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Behind the Line: Coastal celebration

Line-caught local seafood important for Executive Chef Peckham

By Lauren Kramer
May 05, 2011

When Coast Restaurant opened in downtown Vancouver, British Columbia, Canada, in November 2009, the goal of parent company Glowbal Restaurant Group was a seafood eatery that celebrated coastal life with a modern, energetic Vancouver aesthetic. Today, the 280-seat restaurant bustles night and day as a staff of 44 juggles ingredients to create dishes for some 20 varieties of seafood. Executive Chef Dennis Peckham presides over the kitchen, revising the menu every couple of months to ensure its dishes are simply stated and easy to understand. 

Peckham, 34, fell into the restaurant business by accident. Until he entered his 20s he worked in construction, but after getting laid off one winter, he became a dishwasher at a golf course, moving to food preparation and later line cooking. 

“I really enjoyed it, so I decided to follow it as a career,” he says. By 1999 the Vancouver native had graduated from Dubrulle Culinary Institute and began a series of positions that would take him from Vancouver’s renowned Lumiere Restaurant to Thomas Keller’s French Laundry in Napa Valley, Calif., before returning to his hometown. 

He joined Coast in May of last year, drawn by the simplicity of the menu. “It was one of the first things I noticed when I started working here,” he says. “The food is just simple. It’s the freshest seafood we can get, sold at the best price.” 

The dishes are grouped under categories like “chowder,” “flat breads,” “shells,” “raw,” “crisp” and “steamers.” The basic ingredients of each menu item are listed, and most of the seafood dishes are accompanied by information about the seafood’s origins.

 “I deal with five different suppliers, and I always ask them where the seafood comes from,” says Peckham. “I had a supplier offer me a great deal on salmon recently, but he couldn’t tell me what water it came out of, and who caught it, so I declined. I won’t stand behind the seafood unless I know where it comes from, even if the product is significantly cheaper. For me, it’s a trust thing. I want to be able to tell my customers where their food comes from.” 

While there are some signature dishes on the menu that remain unchanged, Peckham was given free rein to add new items within the overall vision of the restaurant. His first task was to revamp the sauces, stocks and vinaigrettes and to ensure they were consistently good. 

“It takes a long time to get a kitchen staff of 44 up to a consistent level, but if you don’t have good stock, you’re done from the start,” he says.

To the menu he added a lobster tempura served with an Asian-inspired salad, and a lobster macaroni and cheese, which he describes as a creamy comfort food that “flies out the door.” His personal favorites are the fish and chips hand rolls on the sushi menu, which consist of tempura cod and Japanese tartar sauce, and the smoked salmon flatbread. The latter, one of Coast’s five most popular dishes, is served with dill crème fraiche, red onion and capers.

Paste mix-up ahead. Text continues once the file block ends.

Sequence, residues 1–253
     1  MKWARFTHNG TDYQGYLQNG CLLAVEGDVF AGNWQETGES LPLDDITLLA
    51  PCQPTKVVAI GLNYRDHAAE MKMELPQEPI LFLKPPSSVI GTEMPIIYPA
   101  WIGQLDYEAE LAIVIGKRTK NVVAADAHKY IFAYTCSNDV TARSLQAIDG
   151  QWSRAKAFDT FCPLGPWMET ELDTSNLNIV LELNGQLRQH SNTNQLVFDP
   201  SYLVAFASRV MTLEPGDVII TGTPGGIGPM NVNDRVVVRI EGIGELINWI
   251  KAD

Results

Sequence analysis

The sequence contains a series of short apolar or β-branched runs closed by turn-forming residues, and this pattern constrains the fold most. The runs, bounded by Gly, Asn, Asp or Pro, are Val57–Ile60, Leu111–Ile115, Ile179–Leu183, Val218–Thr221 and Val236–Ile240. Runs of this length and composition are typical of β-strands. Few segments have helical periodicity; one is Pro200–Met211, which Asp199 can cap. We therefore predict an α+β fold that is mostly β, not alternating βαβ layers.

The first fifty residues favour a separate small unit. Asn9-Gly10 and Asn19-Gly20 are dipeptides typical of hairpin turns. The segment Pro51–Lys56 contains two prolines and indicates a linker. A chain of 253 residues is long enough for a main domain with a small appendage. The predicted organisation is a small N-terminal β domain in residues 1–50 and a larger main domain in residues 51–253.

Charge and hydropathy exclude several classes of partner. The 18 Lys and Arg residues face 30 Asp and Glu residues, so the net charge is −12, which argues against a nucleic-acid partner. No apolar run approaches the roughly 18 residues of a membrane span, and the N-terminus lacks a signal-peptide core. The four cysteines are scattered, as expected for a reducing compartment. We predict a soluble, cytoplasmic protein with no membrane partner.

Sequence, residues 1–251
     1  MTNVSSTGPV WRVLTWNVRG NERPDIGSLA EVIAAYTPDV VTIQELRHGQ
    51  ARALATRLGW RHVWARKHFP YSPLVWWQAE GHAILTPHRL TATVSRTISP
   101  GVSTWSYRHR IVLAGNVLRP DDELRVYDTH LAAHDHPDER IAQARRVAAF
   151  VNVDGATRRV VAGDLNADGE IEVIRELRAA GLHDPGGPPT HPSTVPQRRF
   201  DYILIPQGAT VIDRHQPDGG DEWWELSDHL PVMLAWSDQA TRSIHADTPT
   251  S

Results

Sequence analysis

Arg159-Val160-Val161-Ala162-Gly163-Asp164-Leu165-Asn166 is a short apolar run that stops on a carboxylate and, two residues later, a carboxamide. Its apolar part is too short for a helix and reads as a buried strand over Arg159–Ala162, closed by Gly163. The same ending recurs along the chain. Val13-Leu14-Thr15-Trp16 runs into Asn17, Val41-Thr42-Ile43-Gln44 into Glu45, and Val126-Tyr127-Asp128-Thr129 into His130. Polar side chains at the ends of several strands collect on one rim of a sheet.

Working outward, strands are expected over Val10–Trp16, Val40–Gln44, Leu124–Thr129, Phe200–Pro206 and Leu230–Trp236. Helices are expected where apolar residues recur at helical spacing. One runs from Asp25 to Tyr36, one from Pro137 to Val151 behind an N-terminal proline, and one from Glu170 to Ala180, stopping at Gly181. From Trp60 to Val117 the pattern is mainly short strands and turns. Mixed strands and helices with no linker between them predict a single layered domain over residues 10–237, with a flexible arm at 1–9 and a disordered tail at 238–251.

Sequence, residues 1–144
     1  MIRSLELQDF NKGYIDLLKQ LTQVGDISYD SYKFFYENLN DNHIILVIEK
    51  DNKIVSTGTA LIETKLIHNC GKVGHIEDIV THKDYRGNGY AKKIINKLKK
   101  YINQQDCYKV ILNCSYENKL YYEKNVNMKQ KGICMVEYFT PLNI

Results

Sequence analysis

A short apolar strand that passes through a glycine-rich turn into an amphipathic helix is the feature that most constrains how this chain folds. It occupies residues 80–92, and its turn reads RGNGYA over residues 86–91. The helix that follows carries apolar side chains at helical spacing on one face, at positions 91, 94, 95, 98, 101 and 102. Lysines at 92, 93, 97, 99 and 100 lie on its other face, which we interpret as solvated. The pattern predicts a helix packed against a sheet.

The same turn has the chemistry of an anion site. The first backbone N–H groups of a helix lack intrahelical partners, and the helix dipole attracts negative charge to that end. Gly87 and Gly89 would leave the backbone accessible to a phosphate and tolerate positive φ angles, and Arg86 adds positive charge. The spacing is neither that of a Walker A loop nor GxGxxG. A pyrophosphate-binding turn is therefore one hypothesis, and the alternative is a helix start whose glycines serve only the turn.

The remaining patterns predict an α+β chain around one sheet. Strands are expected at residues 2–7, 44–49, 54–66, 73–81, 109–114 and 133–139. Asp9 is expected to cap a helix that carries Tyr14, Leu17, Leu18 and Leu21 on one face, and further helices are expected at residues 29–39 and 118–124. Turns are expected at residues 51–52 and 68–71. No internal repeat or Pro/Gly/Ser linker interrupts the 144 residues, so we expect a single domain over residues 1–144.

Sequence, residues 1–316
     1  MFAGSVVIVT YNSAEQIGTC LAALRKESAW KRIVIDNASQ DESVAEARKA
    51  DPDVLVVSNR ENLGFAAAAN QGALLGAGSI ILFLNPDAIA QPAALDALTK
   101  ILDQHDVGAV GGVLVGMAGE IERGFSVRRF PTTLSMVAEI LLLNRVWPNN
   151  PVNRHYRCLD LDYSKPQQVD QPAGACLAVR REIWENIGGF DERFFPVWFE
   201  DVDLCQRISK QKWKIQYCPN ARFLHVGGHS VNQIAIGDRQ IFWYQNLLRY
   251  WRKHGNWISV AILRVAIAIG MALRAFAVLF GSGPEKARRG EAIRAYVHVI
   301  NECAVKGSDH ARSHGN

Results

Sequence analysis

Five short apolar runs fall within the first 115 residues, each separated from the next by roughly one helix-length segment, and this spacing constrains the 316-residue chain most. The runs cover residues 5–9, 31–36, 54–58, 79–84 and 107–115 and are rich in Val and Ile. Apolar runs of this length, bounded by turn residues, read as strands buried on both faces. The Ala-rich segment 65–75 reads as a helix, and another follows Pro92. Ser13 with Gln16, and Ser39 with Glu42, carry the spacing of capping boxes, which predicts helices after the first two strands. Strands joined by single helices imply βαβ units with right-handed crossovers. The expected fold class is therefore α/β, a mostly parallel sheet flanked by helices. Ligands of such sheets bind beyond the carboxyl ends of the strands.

Under the category of “big fish,” Coast offers a selection of eight finfish that arrive grilled with olive oil and accompanied by baby carrots, Brussels sprout leaves and a citrus beurre blanc. The three most sought-after finfish on the menu — salmon, sablefish and halibut, when it’s in season, — are from local waters. 

Utilizing local products is important to Peckham, who sources 65 percent of the seafood locally. The majority of it is line caught, which he considers a more sustainable, fair practice. “The damage done by a big boat dropping a drift net and scraping the bottom of the ocean is unreal. I don’t know how you can do that and feel good about what you do,” he says. “By contrast, line-caught seafood gives the fish a fair chance and makes me feel better about supporting fishermen who practice a quality technique.” 

The Coast menu mentions not only where various fish and shellfish come from, but also who harvested them. In March, Atlantic lobster was listed as being caught by Wayne Boudreau aboard the Jacob William out of Wedgeport, Nova Scotia. Sea tiger prawns were harvested by the Nguyen family in Vietnam and king crab was caught by the Northwestern out of Anchorage, Alaska, captained by “Deadliest Catch” star Sig Hansen.

Peckham follows the sustainable guidelines of the Vancouver Aquarium’s Ocean Wise program whenever possible, and says ahi tuna will be coming off the menu in the next few months. “We try to never go beyond the program’s caution level, but if you ran a restaurant with only Ocean Wise products, you’d be very limited,” he confesses. “All you can do is know where your product comes from, make sure it’s a sustainable practice and do the very best you can.”

Contributing Editor Lauren Kramer lives in Richmond, British Columbia

May 2011 - SeaFood Business 

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